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technical and/or management activities.
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The functions themselves are identified P,
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govern P, control P, communicate P,
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and protect P. When we talk about profiles,
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we're talking about the current state of privacy,
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privacy risk management within an organization,
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that would be your current profile and
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then what's the desired outcome?
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Your target profile, and then
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assessing a gap in-between so that
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the organization can still move toward
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achieving its desired outcome.
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We have the implementation tiers of which we have four.
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They're there to make sure that organizations have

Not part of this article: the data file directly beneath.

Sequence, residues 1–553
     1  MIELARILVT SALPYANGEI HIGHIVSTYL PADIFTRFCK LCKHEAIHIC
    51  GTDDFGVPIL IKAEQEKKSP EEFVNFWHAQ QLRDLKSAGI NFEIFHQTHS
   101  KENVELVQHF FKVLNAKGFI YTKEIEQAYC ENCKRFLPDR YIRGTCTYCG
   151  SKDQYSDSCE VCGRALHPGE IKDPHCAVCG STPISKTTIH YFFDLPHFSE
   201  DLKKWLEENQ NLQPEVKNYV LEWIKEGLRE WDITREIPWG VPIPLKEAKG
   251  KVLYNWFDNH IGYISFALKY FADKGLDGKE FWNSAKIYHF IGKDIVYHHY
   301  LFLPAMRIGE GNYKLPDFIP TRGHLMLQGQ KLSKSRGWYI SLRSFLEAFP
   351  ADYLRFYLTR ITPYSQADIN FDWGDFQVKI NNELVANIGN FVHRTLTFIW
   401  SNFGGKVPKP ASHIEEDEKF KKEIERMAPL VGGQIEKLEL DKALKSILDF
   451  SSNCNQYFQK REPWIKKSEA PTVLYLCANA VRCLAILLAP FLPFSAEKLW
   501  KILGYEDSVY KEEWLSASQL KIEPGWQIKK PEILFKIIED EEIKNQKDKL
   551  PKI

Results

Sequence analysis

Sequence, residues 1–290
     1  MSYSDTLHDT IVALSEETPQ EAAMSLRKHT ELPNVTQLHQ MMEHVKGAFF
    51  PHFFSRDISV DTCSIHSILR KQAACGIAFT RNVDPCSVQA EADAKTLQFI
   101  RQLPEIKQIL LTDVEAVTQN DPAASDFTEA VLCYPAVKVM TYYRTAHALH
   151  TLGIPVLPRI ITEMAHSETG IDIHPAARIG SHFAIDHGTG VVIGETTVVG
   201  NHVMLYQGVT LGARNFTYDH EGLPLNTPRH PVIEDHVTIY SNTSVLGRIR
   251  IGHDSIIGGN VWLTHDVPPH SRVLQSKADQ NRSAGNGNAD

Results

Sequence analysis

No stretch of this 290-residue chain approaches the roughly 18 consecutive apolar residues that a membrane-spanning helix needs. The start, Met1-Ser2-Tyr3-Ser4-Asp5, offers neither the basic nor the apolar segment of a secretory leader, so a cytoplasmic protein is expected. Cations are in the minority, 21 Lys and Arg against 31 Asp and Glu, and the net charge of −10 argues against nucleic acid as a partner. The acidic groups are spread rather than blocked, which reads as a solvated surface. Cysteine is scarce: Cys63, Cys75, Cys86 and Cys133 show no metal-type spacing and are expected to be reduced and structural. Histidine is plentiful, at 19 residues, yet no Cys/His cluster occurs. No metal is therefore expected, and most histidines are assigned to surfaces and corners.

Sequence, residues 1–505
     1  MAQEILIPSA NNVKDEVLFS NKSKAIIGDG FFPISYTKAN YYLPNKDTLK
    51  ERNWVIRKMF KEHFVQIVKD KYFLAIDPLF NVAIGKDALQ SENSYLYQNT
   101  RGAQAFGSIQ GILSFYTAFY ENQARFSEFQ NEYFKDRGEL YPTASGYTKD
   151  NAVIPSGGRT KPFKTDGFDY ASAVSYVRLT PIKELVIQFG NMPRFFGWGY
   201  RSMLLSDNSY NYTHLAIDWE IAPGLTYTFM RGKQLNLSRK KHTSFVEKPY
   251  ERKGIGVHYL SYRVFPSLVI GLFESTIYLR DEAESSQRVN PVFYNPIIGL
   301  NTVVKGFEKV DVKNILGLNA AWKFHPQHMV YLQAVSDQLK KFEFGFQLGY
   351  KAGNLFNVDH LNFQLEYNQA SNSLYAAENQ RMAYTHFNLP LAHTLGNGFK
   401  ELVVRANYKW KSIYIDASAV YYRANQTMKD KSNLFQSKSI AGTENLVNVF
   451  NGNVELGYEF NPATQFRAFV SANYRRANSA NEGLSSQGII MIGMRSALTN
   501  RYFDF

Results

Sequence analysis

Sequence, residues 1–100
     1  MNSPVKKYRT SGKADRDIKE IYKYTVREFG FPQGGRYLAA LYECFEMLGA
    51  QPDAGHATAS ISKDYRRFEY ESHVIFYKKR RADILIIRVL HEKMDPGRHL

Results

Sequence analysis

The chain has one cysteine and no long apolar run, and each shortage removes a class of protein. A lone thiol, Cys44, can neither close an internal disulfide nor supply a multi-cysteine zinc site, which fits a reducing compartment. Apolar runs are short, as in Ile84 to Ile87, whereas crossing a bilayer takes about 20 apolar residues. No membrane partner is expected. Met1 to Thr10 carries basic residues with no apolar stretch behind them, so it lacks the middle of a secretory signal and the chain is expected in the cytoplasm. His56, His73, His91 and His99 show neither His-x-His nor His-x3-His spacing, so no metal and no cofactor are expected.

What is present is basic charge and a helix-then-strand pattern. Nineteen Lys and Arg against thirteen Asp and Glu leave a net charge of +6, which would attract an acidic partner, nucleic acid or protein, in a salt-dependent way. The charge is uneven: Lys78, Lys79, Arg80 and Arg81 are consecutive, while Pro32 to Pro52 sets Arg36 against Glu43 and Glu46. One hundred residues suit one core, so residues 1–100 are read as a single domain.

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the appropriate resources and capabilities
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in place that you can develop and maintain
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a good privacy risk management program
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as well as a privacy program.
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Now those four tiers are partial.
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For tier 1 risk of informed,
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for tier 2 repeatable,
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for tier 3 and adaptive for tier 4.
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Now, the framework also
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gives us guidance on how to establish,
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order improve a privacy program by using three steps.
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Ready, set, and go.
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Ready is when the organization prepares
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to really develop a program,
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it looks at its risk tolerance, its risk acceptance.
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It looks at the privacy risks there,
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it uses identified P and govern P to get ready.
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To ensure that as it looks at is